Mustards? “Powdered mustards — two powdered, the yellow for the milder and black for the hotter, plus umpteen prepared mustards.”
Chilis? “I know each shelf has 12 jars on it. So we have at least 1 1/2 shelves of whole and most of the whole ones in the ground version and a few of them in the crushed version as well.”
Hot sauces? “I did once count 120 different hot sauces — and that’s a year ago, and we keep adding and deleting.”
Total items? “Thousands, and no, no one has ever counted.”
Don is a portly man, nearly 49, of medium height, with thinned gray hair and a sunny disposition, who grew up knowing that all this could — and probably would — be his.
He sits in the cramped office at the back of the store, talking about his life in the spice business and watching the one long aisle of a store that is a cook’s heaven.
On Saturdays, it’s a crowded heaven, a cross section of Detroit on parade, “from minks to rags” as he puts it, buyers from the top restaurants and lay cooks out for that special item at a bulk price.
This weekday, after the noon rush, he points to his officially retired father, Marty, 79, working the floor. Marty Rafal began the store 40 years ago, not with a grand vision, but at least a little foresight.
Rafal Spice originally sold lots of other things: tobacco, pantyhose, patent medicines, dream books, candles, incense.
But there were always a few spices, and as a sideline he sold sausage seasonings to mom-and-pop stores. “There was one on every block, and they all had homemade sausages,” says Don.
Competition eventually undercut much of the business. You couldn’t compete with F&M on toothpaste, for instance. So Marty “sort of brought in more and more spices; as he brought in more, the word got out.”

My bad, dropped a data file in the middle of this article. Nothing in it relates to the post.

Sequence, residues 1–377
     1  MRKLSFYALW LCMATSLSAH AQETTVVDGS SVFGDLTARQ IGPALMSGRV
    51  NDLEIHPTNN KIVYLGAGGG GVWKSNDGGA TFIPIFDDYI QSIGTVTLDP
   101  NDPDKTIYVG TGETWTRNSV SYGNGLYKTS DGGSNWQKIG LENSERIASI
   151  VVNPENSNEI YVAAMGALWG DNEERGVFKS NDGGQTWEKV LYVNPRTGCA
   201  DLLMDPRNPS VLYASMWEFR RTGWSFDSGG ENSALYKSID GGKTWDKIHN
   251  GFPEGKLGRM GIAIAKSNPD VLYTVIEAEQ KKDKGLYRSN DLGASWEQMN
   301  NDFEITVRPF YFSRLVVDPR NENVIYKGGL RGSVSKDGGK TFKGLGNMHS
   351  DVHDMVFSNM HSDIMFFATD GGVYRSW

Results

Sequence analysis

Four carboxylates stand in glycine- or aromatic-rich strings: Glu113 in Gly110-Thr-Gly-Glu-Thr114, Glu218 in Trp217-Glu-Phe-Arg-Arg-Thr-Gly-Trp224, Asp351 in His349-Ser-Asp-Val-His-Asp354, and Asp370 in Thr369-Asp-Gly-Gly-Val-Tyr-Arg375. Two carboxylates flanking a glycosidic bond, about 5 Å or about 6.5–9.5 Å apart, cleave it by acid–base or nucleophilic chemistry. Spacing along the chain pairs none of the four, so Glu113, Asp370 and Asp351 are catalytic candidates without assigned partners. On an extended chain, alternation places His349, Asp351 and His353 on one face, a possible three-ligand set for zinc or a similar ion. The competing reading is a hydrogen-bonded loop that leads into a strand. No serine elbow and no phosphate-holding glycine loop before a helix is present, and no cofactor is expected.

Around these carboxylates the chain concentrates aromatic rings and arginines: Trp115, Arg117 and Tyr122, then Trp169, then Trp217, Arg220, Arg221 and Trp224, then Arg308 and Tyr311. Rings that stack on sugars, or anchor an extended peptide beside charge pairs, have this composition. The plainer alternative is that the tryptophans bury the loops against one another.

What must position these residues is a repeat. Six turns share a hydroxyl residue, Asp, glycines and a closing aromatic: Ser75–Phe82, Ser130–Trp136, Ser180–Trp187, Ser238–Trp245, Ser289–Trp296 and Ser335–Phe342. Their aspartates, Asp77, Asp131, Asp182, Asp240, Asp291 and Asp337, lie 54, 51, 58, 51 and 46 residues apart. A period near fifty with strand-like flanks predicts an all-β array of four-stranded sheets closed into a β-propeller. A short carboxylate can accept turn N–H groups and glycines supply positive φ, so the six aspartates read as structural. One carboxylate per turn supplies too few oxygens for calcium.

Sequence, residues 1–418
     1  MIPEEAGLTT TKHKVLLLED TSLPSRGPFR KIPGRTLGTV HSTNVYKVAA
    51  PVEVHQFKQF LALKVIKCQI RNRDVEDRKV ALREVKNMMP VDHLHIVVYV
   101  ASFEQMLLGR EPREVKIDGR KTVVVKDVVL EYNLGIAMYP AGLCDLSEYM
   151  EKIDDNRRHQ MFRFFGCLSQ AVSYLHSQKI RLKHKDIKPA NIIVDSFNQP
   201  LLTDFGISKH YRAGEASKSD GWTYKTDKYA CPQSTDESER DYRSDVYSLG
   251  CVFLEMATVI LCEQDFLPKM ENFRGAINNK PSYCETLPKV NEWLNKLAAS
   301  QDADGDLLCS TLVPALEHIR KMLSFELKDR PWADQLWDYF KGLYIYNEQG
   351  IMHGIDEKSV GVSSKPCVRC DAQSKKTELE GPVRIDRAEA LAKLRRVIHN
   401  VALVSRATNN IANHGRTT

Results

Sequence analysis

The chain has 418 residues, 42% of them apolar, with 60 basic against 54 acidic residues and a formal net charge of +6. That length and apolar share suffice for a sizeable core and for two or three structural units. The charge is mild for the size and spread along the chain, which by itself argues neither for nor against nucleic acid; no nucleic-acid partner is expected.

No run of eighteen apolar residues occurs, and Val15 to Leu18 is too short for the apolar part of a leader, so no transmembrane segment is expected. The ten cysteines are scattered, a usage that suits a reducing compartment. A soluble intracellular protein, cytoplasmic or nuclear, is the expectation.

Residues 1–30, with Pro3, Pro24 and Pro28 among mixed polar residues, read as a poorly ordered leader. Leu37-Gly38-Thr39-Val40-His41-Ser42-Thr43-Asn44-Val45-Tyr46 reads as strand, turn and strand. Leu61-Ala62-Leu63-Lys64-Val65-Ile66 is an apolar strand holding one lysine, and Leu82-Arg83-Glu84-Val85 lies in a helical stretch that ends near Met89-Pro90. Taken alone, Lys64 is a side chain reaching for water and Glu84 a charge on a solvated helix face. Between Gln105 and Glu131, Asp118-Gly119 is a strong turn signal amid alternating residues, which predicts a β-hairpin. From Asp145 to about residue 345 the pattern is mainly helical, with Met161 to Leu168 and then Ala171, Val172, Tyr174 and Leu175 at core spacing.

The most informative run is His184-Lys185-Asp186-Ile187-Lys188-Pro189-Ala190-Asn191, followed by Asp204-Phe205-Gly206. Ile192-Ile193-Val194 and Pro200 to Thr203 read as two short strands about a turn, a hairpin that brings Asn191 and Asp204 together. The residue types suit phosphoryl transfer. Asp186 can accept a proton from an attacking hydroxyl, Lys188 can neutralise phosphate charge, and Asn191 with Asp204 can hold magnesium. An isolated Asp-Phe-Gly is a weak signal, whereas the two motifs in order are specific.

Teas grew from a few to more than 200. Coffee exploded: “A salesman begged us to take in five coffees, three regular, a decaf and a flavor.” Probably 100 coffee kegs now crowd a section of the store floor. (For the record, Don prefers Cuban roast and Nicaraguan rain forest. He’ll sell you any flavor of coffee you like, but he’d rather go thirsty than drink flavored blends.)
Don knows his future is figuring what customers want, and having it or getting it quickly. That might mean figuring that a Chaldean customer out for “helba” is looking for “fennel.” Or keeping “grains of paradise” on the shelves for years until it gets some press — “and all of a sudden, boom.” Or tracking down white truffle oil and hand-harvested sea salt when they make Emeril’s and Martha Stewart’s shows.
And of late, Don is trying his hand with two partners — Randall and Ryan Fogelman — as Detroit Spice Co., putting out their own products, thus far including a steak rub, a jerk and a barbecue sauce.
Don admits to no grand vision of spice trends to come, just an ear to the ground. “You try to stay on it,” he says.
Rafal Spice, 2521 Russell, in Eastern Market is open 7 a.m.-
4 p.m., Monday-Saturday. Call 313-259-6373.— W. Kim Heron
Alas, Casa de Espana (6138 Michigan, Detroit) is closing its firehouse doors at the end of the month. But they’re going out with a bang, having festivities including live flamenco shows every Friday and Saturday night until Sept. 30. Call 313-895-4040 for more info. … Fuel up at the new Coffee Beanery at 3999 Centerpoint Parkway in Pontiac anytime in September, when 10 percent of the café’s proceeds will go to the Food Bank of Oakland County. Got a food tip? Write to Eaters Digest care of the MT, or e-mail email@example.com